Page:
Volunteer in Africa


Accounting Volunteer Opportunities in Africa

 

Accounting

 

Global Mamas creates sustainable livelihoods for women in Africa by promoting their traditional skills in the production of fair trade products. As our women realize financial security through our programs, they need assistance to develop or improve their accounting skills to manage their growing income. There are many ways in which we could put your accounting skills to use:

  • Teach women entrepreneurs basic accounting skills.
  • Evaluate existing accounting records kept by our more number savvy entrepreneurs and help them improve or simplify their records.
  • Help Global Mamas with various accounting projects that improve the financial management of the organization.

Past Accounting Projects

Becky Pear	- Financial Management volunteer in Africa

Becky Pear
Brooklyn, New York


Global Mamas continually faces challenges in assisting the women participating in the International Trade program to keep practical and updated records of their businesses. One tool that we introduced was a customized version of QuickBooks that allows the women to simply track their income and expenses and generate meaningful reports using a computer. Global Mamas needed help in developing and rolling out the QuickBooks training and introducing overall best practices for accounting.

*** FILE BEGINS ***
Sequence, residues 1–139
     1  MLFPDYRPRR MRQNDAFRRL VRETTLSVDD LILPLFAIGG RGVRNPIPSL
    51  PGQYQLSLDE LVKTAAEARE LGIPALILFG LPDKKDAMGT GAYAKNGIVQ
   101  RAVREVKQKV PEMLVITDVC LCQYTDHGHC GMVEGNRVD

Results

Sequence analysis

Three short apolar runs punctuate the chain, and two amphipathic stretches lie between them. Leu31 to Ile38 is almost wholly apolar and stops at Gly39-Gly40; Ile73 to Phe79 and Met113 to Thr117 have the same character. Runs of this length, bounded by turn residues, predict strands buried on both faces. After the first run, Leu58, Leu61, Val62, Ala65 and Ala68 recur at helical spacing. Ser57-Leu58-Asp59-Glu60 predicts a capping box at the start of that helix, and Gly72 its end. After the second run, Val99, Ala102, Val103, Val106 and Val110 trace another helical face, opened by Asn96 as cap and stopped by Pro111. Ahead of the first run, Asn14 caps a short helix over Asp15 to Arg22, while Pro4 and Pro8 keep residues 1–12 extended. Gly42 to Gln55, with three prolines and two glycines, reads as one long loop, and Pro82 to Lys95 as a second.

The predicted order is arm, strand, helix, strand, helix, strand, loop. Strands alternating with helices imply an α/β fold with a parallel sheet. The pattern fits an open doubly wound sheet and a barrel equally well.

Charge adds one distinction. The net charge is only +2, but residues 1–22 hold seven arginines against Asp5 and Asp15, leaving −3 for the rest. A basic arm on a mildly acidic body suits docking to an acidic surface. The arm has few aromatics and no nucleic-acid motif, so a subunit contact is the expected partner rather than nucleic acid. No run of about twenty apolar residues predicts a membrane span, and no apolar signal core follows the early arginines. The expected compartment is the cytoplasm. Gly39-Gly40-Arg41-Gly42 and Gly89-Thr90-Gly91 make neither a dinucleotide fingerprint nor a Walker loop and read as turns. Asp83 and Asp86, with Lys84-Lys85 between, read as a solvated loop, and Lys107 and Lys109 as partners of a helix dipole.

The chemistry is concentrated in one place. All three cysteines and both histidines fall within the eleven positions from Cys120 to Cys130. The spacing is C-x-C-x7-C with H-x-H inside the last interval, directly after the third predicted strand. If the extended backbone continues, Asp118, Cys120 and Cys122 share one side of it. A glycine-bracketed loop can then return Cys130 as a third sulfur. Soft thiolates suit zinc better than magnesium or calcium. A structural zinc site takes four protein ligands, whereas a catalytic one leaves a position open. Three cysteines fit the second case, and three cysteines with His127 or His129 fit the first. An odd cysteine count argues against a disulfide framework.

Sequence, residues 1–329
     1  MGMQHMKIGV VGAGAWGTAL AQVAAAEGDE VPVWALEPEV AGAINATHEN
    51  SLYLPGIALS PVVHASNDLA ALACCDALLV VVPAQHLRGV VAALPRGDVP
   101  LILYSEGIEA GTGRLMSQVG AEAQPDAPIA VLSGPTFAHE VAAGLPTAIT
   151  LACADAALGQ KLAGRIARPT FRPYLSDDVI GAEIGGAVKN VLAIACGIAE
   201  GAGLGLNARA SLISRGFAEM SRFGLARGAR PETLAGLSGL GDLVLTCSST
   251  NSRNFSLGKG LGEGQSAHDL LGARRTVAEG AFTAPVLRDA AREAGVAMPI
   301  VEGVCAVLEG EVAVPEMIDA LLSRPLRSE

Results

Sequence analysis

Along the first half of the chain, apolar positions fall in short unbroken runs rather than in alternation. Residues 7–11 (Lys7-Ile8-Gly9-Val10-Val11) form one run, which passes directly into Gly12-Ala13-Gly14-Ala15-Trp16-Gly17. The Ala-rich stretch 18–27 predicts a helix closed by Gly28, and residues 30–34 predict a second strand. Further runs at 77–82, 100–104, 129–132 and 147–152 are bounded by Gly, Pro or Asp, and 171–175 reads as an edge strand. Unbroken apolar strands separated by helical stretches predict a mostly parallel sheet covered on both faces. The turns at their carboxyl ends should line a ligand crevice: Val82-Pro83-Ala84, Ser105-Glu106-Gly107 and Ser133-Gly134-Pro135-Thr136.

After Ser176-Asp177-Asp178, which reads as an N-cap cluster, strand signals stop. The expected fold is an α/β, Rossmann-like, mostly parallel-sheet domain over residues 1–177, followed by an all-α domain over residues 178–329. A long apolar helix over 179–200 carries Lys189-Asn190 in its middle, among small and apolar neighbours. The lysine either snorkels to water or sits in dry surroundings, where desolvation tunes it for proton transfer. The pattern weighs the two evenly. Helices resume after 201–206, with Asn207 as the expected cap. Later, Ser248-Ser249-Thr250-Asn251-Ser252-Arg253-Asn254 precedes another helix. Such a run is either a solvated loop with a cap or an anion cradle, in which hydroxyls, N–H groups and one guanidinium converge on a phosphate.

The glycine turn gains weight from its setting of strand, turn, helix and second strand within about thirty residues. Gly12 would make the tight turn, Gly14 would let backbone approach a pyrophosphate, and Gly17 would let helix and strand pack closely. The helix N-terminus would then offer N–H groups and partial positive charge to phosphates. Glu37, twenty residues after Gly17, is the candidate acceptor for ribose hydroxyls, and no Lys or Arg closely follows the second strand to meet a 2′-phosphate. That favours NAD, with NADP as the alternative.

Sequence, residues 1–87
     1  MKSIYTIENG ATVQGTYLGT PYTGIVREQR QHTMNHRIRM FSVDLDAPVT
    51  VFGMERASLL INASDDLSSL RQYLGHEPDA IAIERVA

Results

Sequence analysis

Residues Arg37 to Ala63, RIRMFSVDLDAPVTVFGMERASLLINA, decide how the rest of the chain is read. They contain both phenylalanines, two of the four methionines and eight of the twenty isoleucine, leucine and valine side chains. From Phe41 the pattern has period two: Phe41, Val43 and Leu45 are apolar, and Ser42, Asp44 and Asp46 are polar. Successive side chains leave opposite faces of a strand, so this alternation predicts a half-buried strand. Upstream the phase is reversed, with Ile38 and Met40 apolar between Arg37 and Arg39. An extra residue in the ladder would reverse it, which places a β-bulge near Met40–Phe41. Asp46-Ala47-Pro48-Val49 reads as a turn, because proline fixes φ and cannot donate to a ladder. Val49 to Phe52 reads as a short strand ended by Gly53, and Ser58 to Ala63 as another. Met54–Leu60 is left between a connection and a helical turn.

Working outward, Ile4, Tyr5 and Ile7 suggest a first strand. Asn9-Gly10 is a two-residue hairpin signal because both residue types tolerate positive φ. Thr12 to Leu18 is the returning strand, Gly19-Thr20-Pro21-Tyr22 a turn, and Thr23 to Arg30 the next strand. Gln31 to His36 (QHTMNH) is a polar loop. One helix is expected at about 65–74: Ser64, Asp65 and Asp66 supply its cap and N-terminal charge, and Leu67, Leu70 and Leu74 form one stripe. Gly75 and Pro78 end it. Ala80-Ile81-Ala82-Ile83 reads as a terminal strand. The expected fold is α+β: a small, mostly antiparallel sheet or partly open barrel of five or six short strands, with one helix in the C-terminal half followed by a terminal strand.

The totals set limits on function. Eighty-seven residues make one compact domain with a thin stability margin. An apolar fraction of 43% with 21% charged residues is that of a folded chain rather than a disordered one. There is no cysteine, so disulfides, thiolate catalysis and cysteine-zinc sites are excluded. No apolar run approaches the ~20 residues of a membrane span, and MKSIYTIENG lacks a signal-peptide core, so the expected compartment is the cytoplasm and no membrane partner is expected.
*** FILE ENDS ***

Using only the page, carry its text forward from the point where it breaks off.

To address these concerns, Becky led a team of volunteers that:

  • Began the training process for our Mamas on a customized QuickBooks computer program, training 8 women upon departure.
  • Created a QuickBooks training manual specific to small businesses in Ghana.
  • Improved member businesses manual record keeping by introducing best practices (i.e. cash management, savings, etc.)
  • Presented the concept and importance of equipment depreciation in regards to sewing and batiking businesses during bi-monthly members meeting.
  • Created an underwriting format geared toward member businesses.

Becky admits that Ghana is not an easy place to live considering the day-to-day challenges that often make simple tasks complicated. Yet, the Ghanaians she met during her stay took the time to laugh, sympathize and befriend a stranger. Ghanaians' outgoing personalities contrasts with the many challenges they face. When she felt herself get frustrated with small challenges, she further respected their level of patience and ability to amicably resolve conflicts.

"When I first arrived in Ghana, I would walk around my neighborhood and people would shout 'Obruni! How are you!?' Although the greeting was generally friendly, I felt very much aware of my status as a foreigner. However, there was a turning point, where I started getting to know my neighbors and they me, so that one day I realized that no longer was I such a stranger, but that each time I walked down the street, I would be greeted warmly with, 'Hello. Good morning Becky!'. This really meant a lot."



      

CC